The report is the second of its kind and summarises the tobacco harm reduction (THR) phenomenon from a global perspective.
"Reducing harm from smoking is one of the world's biggest concerns. And while harm reduction products such as e-cigarettes have been on the market for over a decade, progress is slow. But progress is being made," says Harry Shapiro to Vejpkollen.
100 smokers on a vejpare
Today, more than 98 million people use various products to reduce the harm from their nicotine use. 70 per cent of these use e-cigarettes, the rest heat-not-burn products, snus, nicotine pouches and the like. This is an increase compared to 2018, when the first report was published.
"From a public health perspective, this is a success. But we have 1.1 billion smokers in the world. There are 100 smokers for every vejper. Even though the forecast two years ago said there would be fewer, there are still very few." says Harry Shapiro.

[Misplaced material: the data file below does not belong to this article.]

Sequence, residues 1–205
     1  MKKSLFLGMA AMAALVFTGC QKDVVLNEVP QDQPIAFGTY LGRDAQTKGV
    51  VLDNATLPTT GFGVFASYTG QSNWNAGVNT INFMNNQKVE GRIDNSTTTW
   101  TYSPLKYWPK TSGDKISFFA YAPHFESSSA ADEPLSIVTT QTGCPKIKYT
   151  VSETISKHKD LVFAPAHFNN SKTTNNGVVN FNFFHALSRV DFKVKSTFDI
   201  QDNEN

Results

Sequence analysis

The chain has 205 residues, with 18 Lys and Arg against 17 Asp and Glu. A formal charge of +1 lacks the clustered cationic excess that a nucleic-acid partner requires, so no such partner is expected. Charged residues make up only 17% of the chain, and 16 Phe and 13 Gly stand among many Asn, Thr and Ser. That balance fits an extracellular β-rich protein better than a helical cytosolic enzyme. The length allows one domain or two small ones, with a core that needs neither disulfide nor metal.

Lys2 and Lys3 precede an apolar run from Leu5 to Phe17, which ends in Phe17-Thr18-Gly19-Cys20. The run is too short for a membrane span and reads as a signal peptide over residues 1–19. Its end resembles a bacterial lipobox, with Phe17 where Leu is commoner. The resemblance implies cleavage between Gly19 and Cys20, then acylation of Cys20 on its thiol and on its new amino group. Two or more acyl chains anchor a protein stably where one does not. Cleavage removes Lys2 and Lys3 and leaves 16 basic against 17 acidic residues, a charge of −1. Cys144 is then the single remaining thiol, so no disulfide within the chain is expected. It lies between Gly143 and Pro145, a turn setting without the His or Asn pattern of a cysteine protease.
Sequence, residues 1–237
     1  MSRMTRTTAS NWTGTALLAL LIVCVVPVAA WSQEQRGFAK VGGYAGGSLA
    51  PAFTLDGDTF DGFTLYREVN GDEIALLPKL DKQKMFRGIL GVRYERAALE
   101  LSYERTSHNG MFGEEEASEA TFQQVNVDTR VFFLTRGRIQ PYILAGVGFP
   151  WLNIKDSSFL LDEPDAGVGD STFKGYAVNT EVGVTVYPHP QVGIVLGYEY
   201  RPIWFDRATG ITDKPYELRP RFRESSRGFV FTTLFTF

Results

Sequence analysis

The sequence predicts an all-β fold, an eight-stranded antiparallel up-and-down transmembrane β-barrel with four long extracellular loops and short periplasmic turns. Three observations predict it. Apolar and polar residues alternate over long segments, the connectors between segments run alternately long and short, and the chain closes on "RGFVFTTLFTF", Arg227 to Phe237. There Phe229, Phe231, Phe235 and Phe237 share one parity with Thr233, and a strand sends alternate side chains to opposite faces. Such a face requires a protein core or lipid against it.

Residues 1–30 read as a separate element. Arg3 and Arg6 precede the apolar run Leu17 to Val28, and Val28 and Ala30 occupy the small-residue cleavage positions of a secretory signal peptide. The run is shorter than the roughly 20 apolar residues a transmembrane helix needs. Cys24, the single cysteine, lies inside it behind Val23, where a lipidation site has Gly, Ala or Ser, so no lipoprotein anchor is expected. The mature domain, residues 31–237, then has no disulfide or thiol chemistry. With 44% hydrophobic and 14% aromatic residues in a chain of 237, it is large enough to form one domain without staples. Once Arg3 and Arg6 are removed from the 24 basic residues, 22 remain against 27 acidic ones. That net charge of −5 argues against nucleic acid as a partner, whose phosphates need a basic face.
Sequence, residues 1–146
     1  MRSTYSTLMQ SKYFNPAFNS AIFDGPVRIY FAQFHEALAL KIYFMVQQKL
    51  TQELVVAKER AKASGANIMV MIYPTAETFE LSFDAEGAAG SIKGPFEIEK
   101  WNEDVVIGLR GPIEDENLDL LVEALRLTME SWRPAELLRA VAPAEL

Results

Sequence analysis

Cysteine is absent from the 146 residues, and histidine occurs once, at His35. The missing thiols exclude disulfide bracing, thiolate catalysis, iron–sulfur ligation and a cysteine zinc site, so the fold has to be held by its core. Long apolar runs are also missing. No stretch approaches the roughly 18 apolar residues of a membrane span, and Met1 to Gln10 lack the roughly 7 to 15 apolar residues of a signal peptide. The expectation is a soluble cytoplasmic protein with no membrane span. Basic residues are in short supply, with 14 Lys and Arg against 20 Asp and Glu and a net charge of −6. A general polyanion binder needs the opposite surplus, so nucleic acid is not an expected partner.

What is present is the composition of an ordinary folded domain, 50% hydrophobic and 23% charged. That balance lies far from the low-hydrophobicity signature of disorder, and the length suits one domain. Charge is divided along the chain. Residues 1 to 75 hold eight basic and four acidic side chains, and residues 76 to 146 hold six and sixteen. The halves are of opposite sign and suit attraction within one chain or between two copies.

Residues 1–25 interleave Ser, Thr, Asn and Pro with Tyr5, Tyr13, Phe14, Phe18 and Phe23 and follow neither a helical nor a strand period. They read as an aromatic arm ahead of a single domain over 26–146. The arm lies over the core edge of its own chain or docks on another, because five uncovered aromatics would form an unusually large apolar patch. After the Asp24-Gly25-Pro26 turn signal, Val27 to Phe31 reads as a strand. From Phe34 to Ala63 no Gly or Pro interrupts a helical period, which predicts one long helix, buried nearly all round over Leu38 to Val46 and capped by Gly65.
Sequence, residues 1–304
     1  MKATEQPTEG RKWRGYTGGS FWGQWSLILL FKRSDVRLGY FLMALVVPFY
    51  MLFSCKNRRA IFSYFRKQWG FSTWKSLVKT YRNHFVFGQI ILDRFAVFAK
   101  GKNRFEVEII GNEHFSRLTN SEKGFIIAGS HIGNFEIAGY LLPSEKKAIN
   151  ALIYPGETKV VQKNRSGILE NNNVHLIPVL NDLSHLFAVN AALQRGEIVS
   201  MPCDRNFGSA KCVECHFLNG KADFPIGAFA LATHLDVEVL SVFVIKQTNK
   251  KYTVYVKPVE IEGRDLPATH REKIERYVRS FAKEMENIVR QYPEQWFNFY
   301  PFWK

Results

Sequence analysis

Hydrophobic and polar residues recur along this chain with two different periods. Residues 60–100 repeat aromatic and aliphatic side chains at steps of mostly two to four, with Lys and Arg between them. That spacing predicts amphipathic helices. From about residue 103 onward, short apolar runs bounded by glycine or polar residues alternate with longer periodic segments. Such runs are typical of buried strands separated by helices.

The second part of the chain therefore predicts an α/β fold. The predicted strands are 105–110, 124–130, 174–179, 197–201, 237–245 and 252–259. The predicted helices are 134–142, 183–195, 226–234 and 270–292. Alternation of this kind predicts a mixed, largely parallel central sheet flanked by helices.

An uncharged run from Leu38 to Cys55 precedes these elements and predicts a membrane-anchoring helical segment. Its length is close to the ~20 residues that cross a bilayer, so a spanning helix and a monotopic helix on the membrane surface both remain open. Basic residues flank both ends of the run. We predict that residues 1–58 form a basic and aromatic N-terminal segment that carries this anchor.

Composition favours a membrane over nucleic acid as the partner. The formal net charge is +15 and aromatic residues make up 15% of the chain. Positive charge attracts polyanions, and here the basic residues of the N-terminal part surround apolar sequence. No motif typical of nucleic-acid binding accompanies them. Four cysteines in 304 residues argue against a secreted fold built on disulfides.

"Dismissing e-cigarettes is stupid"
E-cigarettes have risen and fallen in popularity over the ten years they have been on the market, in line with scientific findings and political fluctuations.
"Science supports vejpning as an injury reduction tool. It's clear, clinically proven. But it has become a question of something else. The debate is tipping over when the only argument needed to restrict e-cigarettes is that the products are part of a conspiracy by tobacco companies to attract new customers," said Mr Perez. Harry Shapiro.
Compare with greener cars
According to Harry Shapiro, it is perfectly understandable not to trust tobacco companies. But to dismiss harm-reduced products simply because of the companies' interests is borderline stupid, he says. At least from a public health perspective.